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Air Lift/Air Stripping Combine to Clean Aquifers {short description of image}

From Ground Water Currents, January 1996, Issue No. 14

Air Lift/Air Stripping Combine to Clean Aquifers

By Michelle Simon, EPA National Risk Management Research Laboratory

The Weston/IEG UVB technology is an in situ ground water remediation technology that combines air-lift pumping and air stripping to clean aquifers contaminated with volatile organic compounds. The UVB technology, in a Superfund Innovative Technology Evaluation (SITE) program demonstration, has removed trichloroethene (TCE) and 1,1 -dichloroethene (DCE) from ground water at Site 31, March Air Force Base, California.

A UVB system consists of a single well and two hydraulically separated screened intervals installed within a single permeable zone. The air-lift pumping occurs in response to negative pressure introduced at the wellhead by a blower. This blower creates a vacuum that draws water into a well through the lower screened portion of the well. Simultaneously, air stripping occurs as ambient air (also flowing in response to the vacuum) is introduced through a diffuser plate located within the upper screened section of the well, causing air bubbles to form in the water pulled into the well. The rising air bubbles provide the air-lift pump effect that moves water towards the top of the well and draws water into the lower screened section of the well. This pumping effect is supplemented by a submersible pump that ensures that water flows from bottom to top in the well at a rate of approximately 20 gallons a minute. As the air bubbles rise through the water column, volatile compounds are transferred from the aqueous to the gas phase. The rising air transports volatile compounds to the top of the well casing where they are removed by the vacuum blower. The lower effluent is treated before discharge using granular activated carbon.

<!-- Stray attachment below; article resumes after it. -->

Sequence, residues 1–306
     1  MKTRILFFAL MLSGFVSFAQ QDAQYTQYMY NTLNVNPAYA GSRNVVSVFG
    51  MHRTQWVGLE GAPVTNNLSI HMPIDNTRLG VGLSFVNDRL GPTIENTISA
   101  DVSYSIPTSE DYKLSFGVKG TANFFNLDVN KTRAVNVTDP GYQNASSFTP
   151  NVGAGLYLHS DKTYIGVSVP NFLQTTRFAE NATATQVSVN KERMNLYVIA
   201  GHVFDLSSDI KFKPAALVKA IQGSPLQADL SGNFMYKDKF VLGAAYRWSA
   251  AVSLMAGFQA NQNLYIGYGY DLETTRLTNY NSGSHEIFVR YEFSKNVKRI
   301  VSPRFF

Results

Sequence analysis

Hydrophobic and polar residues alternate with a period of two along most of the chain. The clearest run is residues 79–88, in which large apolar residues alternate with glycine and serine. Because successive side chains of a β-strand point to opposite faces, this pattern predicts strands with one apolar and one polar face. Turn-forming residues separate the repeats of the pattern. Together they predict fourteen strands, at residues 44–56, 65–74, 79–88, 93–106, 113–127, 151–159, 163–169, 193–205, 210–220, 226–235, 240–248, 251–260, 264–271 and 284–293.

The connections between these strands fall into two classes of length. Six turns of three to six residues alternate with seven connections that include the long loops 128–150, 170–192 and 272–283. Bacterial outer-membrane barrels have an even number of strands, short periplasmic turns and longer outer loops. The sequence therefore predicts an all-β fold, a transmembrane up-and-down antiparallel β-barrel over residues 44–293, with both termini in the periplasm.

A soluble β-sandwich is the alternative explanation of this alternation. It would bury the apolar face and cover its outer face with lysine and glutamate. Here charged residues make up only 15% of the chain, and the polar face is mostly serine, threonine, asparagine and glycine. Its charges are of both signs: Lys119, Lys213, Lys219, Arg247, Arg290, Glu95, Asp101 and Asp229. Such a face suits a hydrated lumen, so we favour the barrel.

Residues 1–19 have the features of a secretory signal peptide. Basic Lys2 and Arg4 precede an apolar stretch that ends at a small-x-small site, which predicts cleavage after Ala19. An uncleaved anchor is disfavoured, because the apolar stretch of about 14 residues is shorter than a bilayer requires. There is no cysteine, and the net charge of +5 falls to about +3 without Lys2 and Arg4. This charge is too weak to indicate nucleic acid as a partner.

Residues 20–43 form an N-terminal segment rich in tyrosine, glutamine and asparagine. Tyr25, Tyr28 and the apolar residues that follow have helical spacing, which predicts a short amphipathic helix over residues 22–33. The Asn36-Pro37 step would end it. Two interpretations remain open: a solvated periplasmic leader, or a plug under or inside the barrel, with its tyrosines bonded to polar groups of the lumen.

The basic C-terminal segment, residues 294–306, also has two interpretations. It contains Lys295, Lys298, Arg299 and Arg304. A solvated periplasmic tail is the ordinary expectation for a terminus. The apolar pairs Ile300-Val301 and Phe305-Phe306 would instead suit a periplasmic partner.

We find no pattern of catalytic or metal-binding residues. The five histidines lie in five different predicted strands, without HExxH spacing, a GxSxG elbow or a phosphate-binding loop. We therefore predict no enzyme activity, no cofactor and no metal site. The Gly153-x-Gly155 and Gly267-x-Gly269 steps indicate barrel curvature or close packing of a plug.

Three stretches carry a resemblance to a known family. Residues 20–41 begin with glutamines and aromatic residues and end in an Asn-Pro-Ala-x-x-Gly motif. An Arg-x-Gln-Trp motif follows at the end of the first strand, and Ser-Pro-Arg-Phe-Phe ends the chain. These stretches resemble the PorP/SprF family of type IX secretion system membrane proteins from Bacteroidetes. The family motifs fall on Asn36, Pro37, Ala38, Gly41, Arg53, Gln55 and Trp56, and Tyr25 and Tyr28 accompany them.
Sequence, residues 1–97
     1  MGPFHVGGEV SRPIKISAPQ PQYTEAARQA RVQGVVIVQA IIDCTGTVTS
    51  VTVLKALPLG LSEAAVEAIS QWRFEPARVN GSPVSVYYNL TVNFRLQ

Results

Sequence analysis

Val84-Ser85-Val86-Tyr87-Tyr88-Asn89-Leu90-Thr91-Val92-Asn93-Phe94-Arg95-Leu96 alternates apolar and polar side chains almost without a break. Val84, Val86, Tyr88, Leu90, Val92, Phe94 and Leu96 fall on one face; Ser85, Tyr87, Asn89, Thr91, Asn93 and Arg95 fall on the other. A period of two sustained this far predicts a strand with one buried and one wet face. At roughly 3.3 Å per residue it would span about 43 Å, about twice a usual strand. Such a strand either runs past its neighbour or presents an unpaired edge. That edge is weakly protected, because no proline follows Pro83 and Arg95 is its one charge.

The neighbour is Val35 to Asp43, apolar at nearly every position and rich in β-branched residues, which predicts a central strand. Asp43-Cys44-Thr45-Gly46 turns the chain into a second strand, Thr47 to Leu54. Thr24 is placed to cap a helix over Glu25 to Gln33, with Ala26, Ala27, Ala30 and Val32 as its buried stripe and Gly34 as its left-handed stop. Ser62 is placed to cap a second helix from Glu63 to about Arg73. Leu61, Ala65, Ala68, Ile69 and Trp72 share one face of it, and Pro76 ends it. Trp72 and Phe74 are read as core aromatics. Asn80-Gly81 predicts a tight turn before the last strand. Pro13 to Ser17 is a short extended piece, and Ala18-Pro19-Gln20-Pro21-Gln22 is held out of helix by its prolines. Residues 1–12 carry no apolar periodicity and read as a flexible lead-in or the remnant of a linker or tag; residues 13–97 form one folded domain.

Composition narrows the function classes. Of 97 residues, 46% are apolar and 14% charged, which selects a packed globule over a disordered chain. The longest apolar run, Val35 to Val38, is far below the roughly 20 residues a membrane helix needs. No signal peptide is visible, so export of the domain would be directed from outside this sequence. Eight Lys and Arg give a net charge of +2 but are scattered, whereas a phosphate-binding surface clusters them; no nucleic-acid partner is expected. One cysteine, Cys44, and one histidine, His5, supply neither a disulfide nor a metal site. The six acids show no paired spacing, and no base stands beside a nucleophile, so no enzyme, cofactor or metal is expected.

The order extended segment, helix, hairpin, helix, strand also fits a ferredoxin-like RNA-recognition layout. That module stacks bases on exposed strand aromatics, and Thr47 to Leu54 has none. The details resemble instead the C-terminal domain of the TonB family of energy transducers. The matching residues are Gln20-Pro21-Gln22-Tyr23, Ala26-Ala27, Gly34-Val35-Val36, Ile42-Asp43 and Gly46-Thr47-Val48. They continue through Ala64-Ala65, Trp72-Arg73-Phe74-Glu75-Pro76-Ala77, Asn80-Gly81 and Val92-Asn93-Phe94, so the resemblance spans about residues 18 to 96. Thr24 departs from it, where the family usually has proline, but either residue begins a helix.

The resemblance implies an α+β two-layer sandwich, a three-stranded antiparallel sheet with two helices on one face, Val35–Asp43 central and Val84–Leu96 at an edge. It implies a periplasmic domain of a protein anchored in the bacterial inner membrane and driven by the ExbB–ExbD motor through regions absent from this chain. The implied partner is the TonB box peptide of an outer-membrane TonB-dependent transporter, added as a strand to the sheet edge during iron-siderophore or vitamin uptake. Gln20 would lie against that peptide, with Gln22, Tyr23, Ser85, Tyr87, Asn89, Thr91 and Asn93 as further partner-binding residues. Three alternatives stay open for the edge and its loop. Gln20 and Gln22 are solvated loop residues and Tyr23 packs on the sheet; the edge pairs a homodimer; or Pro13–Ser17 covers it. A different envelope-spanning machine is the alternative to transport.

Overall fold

The transfer of volatile compounds is further enhanced by a stripping reactor located immediately above the air diffuser. The stripping reactor consists of a fluted and channelized column that facilitates the transfer of volatile compounds to the gas phase by increasing the contact time between the two phases and by minimizing the coalescence of air bubbles.

Once the upward stream of water leaves the stripping reactor, the water falls back through the well casing and returns to the aquifer through the upper well screen. This return flow to the aquifer, coupled with inflow at the well bottom, circulates ground water around the UVB well. The extent of the circulation pattern is known as the radius of influence, which determines the volume of water affected by the UVB system.

The UVB technology demonstration evaluated not only the reduction of TCE and DCE concentrations in the ground water discharged from the treatment system, but also, over the course of the study, the radius of influence of the system and the reduction (both vertically and horizontally) of TCE and DCE concentrations in the ground water within the radius of influence. Demonstration results indicate that TCE concentrations were reduced by greater than 94% in ground water discharged from the system. TCE concentrations were reduced from a mean of approximately 54 micrograms per liter (ug/L) in the system's influent to approximately 3 ug/L in the system's effluent. A meaningful estimate of the system's ability to remove DCE could not be made due to the low (less than 4 ug/L) influent concentration of DCE. Based on the results of the dye tracer study, the radius of influence was estimated to be at least 40 ft.

The developer claims that the technology can also clean up aquifers contaminated with other organic compounds, including volatile and semivolatile hydrocarbons. Additionally, the developer claims that in some cases the UVB technology is capable of simultaneous recovery of soil gas from the vadose zone.

For more information, call Michelle Simon at EPA's National Risk Management Research Laboratory at 513-569-7469. To get on the mailing list for the Capsule Report and the Innovative Technology Evaluation Report of the demonstration, send a FAX to Michelle Simon at 513-569-7676.

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